A Collaboration with the University of Pittsburgh

Little Rock school district released from federally supervised desegregation plan

[JURIST] Judge William R. Wilson Jr. of the US District Court of Eastern Arkansas [official website] ruled [order, PDF] Friday that the Little Rock School District [official website] was "substantially complying" with its Revised Desegregation and Education Plan ("Revised Plan") and released the school district from court supervision [LRSD press release and timeline]. The Little Rock School District voluntarily entered into the Revised Plan in 1998 "as a way of settling...over forty years of more or less continuous desegregation litigation." The Revised Plan required the school district to "substantially comply with hundreds of desegregation obligations in order to achieve unitary status."

In September 13, 2003, Wilson issued a memorandum opinion finding that Little Rock had substantially complied with all of its obligations in the Revised Plan with the exception of one that requires the school district to annually assess and improve the effectiveness of academic programs in improving African-American achievement. The school district unsuccessfully applied for unitary status in March 12, 2004. The Little Rock School District was the location of infamous 1957 confrontation between Arkansas governor Orval Faubus [Wikipedia profile] and the federal government following the Supreme Court ruling in Brown v. Board of Education of Topeka [opinion, HTML], which outlawed racial segregation in public education. AP has more.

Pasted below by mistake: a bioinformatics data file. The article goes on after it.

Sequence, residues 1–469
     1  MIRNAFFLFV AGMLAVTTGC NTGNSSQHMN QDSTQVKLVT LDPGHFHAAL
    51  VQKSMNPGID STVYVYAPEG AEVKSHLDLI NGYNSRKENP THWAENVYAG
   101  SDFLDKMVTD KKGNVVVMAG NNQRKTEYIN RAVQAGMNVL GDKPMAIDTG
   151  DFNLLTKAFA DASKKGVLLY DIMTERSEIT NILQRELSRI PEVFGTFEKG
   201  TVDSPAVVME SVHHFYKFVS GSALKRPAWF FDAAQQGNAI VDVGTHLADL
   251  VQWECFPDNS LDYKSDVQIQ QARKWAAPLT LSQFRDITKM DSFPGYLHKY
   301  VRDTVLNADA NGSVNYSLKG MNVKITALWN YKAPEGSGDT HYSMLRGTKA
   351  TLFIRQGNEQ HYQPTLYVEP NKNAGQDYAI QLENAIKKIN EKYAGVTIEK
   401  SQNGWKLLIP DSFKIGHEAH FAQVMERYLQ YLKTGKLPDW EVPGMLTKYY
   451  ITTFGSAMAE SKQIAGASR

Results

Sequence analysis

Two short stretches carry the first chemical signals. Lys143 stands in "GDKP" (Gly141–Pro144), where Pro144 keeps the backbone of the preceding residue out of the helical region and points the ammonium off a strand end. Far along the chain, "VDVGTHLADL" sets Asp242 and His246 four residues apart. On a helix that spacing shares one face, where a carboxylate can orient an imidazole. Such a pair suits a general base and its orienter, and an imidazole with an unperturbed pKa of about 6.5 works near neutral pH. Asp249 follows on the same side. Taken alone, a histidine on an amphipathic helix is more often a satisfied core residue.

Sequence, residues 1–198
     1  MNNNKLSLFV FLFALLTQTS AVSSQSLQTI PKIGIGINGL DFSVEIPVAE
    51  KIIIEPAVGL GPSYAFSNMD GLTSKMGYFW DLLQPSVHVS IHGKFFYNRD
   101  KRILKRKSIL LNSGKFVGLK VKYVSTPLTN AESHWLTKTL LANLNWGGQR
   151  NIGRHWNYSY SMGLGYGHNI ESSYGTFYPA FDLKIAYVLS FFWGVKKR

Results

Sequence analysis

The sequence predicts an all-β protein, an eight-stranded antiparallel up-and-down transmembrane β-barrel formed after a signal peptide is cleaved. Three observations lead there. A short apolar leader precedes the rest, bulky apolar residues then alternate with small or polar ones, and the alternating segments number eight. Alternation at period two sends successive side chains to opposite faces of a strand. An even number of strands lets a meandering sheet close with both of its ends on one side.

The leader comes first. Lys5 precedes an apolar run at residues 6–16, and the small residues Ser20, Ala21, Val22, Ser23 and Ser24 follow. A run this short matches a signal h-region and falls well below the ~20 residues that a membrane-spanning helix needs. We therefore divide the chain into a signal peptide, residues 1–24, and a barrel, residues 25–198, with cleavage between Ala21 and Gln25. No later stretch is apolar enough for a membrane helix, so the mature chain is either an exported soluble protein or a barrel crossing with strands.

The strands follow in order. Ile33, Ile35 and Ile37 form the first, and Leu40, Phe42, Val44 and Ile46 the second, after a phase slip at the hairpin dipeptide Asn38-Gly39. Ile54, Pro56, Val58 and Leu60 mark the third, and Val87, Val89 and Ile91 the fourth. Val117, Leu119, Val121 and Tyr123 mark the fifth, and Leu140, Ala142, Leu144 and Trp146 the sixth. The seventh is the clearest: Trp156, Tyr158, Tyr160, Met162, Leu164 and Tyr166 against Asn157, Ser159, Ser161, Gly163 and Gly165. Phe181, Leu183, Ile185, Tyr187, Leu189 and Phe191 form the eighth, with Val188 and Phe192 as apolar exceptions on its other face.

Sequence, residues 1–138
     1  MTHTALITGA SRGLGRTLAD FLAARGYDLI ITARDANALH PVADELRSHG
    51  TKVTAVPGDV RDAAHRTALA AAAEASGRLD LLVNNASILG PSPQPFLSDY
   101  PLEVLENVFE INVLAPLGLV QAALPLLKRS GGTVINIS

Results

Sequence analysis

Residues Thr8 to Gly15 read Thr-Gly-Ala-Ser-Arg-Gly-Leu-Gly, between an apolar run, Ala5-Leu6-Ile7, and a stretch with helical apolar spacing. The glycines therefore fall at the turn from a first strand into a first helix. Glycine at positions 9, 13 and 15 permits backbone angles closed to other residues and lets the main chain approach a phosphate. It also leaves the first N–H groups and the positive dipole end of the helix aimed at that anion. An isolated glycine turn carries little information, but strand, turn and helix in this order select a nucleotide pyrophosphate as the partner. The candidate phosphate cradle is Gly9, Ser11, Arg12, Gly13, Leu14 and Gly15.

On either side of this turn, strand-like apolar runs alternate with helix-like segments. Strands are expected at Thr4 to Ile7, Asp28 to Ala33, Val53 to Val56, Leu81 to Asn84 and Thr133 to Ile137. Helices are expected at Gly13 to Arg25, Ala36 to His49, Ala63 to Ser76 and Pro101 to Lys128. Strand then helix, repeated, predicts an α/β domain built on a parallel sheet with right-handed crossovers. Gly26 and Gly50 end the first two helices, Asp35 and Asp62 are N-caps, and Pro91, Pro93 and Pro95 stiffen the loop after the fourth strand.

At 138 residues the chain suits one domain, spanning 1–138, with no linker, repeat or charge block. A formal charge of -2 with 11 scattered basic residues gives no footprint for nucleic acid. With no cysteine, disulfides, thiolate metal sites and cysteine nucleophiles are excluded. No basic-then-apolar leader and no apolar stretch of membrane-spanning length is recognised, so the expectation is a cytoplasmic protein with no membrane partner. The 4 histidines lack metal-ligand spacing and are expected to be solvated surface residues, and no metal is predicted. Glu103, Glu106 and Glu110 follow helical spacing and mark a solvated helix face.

About Paper Chase

Paper Chase is JURIST's real-time legal news service, powered by a team of 30 law student reporters and editors led by law professor Bernard Hibbitts at the University of Pittsburgh School of Law. As an educational service, Paper Chase is dedicated to presenting important legal news and materials rapidly, objectively and intelligibly in an accessible format.

© Copyright JURIST Legal News and Research Services, Inc., 2013.